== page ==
There Are No Accurate Machine Learning Models, Only Agreeable Ones – Forbes
I recently met an entrepreneur who is building a product that automates part of the clinical coding process. The task is to read free-text clinical notes that summarize a patient encounter and return the right structured codes that define what was done (e.g., removing the appendix) and the diagnosis it required (infected appendicitis). The topic of discussion was whether using deep contextual embeddings can improve the system’s accuracy, which has been stuck around 70% accuracy for a while despite the best effort of a highly capable data science team.
However, a short discussion uncovered that there was little that the data science team could do to resolve the situation. The key to unblocking the project lay elsewhere.
The team had access to a reasonably large set of labeled data — clinical notes and the codes that a team of professional coders assigned to it. The problem is that clinical coding is hard, resulting in substantial disagreement between coders on how to best code the same cases:
• Accuracy and Completeness of Clinical Coding Using ICD-10 for Ambulatory Visits summarized that “Just over a half of entered codes were appropriate for a given scenario and about a quarter were omitted.”
• Assessment of the reproducibility of clinical coding in routinely collected hospital activity data found that “Internal and external coders agreed exactly in 43% of the admissions examined and agreed ‘approximately’ in 55%.”
• Coding OSICS sports injury diagnoses in epidemiological studies found that two coders, “Assigned the same four-digit OSICS-10 code for only 46% of the 1,082 injuries.”
• Lack of Agreement in Pediatric Emergency Department Discharge Diagnoses found that “Overall, 67% of diagnoses from the administrative and abstracted sources were within the same diagnosis group.”
• Causes of injuries resulting in hospitalization in Australia reports that “68% agreement for complete codes and 74% agreement for 3-character codes.”
In fact, there’s such a disparity in how the same cases can be coded by different coders that the question of whether these codes are clinically useful at all has been actively researched. The common answer is yes, but it’s important to take a low-accuracy bar into account. For example, Interrater Reliability of ICD-10 Guidelines for the Diagnosis of Personality Disorders concluded “satisfactory inter-rater reliability (r > 0.70) for all except 7 out of the 56 guidelines.” In plain speak, this means that a 70% agreement rate is considered satisfactory and the best you can usually expect.
You’re Can’t Measure Accuracy, Only Agreement
The implication? Seventy percent is, in this case, an upper bound on what a predictive model’s accuracy can be. Anything better is, by definition, overfitting to the random choices made by a particular set of labelers.
This is true in general. Consider a different problem, where you are asked to “predict” what the double of a number will be. If I say four, then you should say eight. If I say 50, then you should say 100, and so on. However, the number I’m looking for isn’t exactly a double — I randomly make it 20% higher or lower. So the “correct” answer for 50 may be 100, 112, or 93 depending on my random choice. Under such terms, no deep learning, black magic, or alien technology can help you. You can only get, on average, within 20% of the right number. Even having full knowledge of how to multiply numbers (“a perfect Oracle” in AI-speak) can’t help.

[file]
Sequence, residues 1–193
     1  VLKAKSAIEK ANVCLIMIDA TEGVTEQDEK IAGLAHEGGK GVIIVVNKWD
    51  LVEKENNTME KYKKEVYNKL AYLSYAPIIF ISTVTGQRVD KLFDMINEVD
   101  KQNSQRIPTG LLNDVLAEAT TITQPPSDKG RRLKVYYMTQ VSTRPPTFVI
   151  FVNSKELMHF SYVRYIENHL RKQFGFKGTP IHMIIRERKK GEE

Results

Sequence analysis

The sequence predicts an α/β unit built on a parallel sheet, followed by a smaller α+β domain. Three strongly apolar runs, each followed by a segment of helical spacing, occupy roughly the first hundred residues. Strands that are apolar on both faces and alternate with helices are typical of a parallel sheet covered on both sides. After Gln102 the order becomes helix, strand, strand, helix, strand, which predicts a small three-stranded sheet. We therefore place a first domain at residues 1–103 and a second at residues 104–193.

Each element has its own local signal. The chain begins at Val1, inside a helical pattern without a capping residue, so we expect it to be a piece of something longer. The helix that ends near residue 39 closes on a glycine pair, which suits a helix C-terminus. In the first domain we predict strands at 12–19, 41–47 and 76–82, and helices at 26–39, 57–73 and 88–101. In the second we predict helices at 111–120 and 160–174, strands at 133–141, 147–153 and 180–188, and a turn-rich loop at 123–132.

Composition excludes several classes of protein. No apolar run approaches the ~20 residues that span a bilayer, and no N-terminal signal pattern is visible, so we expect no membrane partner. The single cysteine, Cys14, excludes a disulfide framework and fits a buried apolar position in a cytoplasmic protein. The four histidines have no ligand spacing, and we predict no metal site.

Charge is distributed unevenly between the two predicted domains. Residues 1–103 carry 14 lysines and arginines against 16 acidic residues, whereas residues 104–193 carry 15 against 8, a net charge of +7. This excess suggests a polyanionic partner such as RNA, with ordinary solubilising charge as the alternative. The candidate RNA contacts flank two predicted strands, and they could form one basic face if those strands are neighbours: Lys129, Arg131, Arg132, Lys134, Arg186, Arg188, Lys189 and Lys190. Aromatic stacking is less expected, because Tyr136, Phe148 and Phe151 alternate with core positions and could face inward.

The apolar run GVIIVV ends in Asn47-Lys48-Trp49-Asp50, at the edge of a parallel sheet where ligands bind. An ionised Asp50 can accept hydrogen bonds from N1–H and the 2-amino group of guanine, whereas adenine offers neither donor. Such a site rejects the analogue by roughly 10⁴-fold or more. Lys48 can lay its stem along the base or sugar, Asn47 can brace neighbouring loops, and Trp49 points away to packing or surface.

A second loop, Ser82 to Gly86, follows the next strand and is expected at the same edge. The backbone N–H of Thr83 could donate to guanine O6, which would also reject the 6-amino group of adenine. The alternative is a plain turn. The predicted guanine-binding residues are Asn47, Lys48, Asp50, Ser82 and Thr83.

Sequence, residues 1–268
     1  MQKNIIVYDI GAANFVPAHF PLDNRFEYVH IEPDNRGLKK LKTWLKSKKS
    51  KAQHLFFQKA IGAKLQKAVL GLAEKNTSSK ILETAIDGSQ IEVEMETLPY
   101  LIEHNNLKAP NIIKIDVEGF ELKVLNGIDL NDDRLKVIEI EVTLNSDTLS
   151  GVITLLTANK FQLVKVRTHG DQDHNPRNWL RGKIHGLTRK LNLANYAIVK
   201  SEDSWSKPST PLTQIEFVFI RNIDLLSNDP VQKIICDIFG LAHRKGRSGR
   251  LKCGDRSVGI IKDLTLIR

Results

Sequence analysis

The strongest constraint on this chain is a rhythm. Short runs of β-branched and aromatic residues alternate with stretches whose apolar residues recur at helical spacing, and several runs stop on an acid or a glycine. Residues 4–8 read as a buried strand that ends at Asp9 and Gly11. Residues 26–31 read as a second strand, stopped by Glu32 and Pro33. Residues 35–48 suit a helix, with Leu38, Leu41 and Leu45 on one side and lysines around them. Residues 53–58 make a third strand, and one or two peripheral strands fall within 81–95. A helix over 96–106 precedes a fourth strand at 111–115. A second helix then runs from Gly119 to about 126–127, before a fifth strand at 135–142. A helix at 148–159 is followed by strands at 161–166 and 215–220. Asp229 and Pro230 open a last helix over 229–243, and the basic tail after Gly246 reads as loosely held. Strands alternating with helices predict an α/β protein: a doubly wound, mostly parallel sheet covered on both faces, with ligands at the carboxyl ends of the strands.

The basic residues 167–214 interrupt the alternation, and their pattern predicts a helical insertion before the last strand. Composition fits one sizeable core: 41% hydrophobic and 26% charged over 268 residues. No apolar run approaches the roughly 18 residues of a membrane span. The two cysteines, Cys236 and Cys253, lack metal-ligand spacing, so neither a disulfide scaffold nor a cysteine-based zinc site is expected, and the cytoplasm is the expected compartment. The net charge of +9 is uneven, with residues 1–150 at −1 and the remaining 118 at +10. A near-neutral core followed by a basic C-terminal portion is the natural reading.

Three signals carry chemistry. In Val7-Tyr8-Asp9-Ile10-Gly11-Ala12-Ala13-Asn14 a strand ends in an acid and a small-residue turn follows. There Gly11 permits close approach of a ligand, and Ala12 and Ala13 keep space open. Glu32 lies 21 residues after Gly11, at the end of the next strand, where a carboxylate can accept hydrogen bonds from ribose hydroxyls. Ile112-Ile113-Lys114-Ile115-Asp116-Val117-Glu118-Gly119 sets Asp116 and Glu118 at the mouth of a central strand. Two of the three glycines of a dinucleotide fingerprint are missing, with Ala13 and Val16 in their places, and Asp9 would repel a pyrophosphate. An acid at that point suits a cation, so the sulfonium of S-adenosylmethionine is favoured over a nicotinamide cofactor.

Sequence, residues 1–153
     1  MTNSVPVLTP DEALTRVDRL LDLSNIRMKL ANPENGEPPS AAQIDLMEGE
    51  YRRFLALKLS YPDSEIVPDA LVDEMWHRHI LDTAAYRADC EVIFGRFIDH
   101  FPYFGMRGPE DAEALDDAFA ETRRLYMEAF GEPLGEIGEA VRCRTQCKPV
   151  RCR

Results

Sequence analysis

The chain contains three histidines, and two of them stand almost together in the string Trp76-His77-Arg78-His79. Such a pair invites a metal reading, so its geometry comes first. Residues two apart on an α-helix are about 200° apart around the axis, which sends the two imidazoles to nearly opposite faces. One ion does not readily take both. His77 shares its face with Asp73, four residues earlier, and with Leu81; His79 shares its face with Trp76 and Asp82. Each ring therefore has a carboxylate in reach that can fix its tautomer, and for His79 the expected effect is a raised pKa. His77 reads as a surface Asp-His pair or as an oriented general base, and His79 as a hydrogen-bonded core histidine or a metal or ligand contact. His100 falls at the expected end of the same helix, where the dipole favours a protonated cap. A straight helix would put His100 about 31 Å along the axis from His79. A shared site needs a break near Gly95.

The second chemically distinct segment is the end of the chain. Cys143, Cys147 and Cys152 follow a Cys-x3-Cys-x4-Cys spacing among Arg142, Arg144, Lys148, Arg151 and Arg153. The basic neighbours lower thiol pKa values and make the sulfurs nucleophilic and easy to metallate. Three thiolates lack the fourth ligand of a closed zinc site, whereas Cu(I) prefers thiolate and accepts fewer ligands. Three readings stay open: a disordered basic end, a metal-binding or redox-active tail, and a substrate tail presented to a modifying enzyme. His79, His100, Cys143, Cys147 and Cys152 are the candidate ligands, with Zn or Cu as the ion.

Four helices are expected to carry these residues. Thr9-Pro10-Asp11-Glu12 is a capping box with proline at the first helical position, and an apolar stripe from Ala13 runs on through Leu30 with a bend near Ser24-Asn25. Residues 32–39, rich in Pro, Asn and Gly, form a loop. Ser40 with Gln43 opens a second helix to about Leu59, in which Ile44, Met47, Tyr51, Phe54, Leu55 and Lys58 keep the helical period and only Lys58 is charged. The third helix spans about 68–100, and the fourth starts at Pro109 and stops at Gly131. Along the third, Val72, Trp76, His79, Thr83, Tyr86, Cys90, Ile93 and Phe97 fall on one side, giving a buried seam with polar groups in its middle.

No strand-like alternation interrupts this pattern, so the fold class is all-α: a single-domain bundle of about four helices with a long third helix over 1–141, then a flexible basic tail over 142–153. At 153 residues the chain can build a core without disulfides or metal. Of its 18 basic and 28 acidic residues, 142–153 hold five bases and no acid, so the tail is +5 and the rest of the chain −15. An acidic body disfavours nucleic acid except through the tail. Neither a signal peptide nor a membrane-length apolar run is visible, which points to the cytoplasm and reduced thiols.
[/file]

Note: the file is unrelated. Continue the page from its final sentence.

This is a very common problem in practice:
• If you’re building a fraud detection algorithm, can you get all of your tax experts to agree on which tax returns are audit-worthy or not?
• If you’re building a search engine, can you get all of your relevance judges to agree if each search result for Benedict Cumberbatch is “hardly,” “somewhat” or “highly” relevant?
• If you’re building a customer service app, can you get all your agents to agree on which calls made the customer happy and which ones didn’t?
The answer to all of these questions is no. It’s the same answer if you need your judges to decide if an email is spam or not; if a sentence has a positive or negative sentiment; if a product violates your online marketplace’s guidelines; how many stars a free-text restaurant review translates to; whether a CT image requires follow-up with an oncologist; or whether an image is sexually explicit.
What You Can Do: Improving Agreement To Improve A Model’s Accuracy
The first thing to do is realize that your “golden sets” aren’t pure gold — they’re more of an alloy. Now that you know, there is a lot that you can and should do:
• Measure the disagreement rate between your judges. This isn’t hard — just give the same cases to different judges and count how often you get the same result.
• Once your data science team builds a model that reaches that number, there’s little point in asking them to improve it. If you’re way above it, then you’re overfitting.
• Take active steps to improve your disagreement rate: Write more detailed guidelines, invest more in training judges, have weekly reviews to discuss edge cases with judges and use a two-tier process with senior judges reviewing junior (or crowd-sourced) ones.
That last point is the key to solving the problem. Sometimes a strong operations or project manager who can get your labeler disagreement rate from 70% to 85% will add more accuracy to your model than an army of doctorate-level data scientists.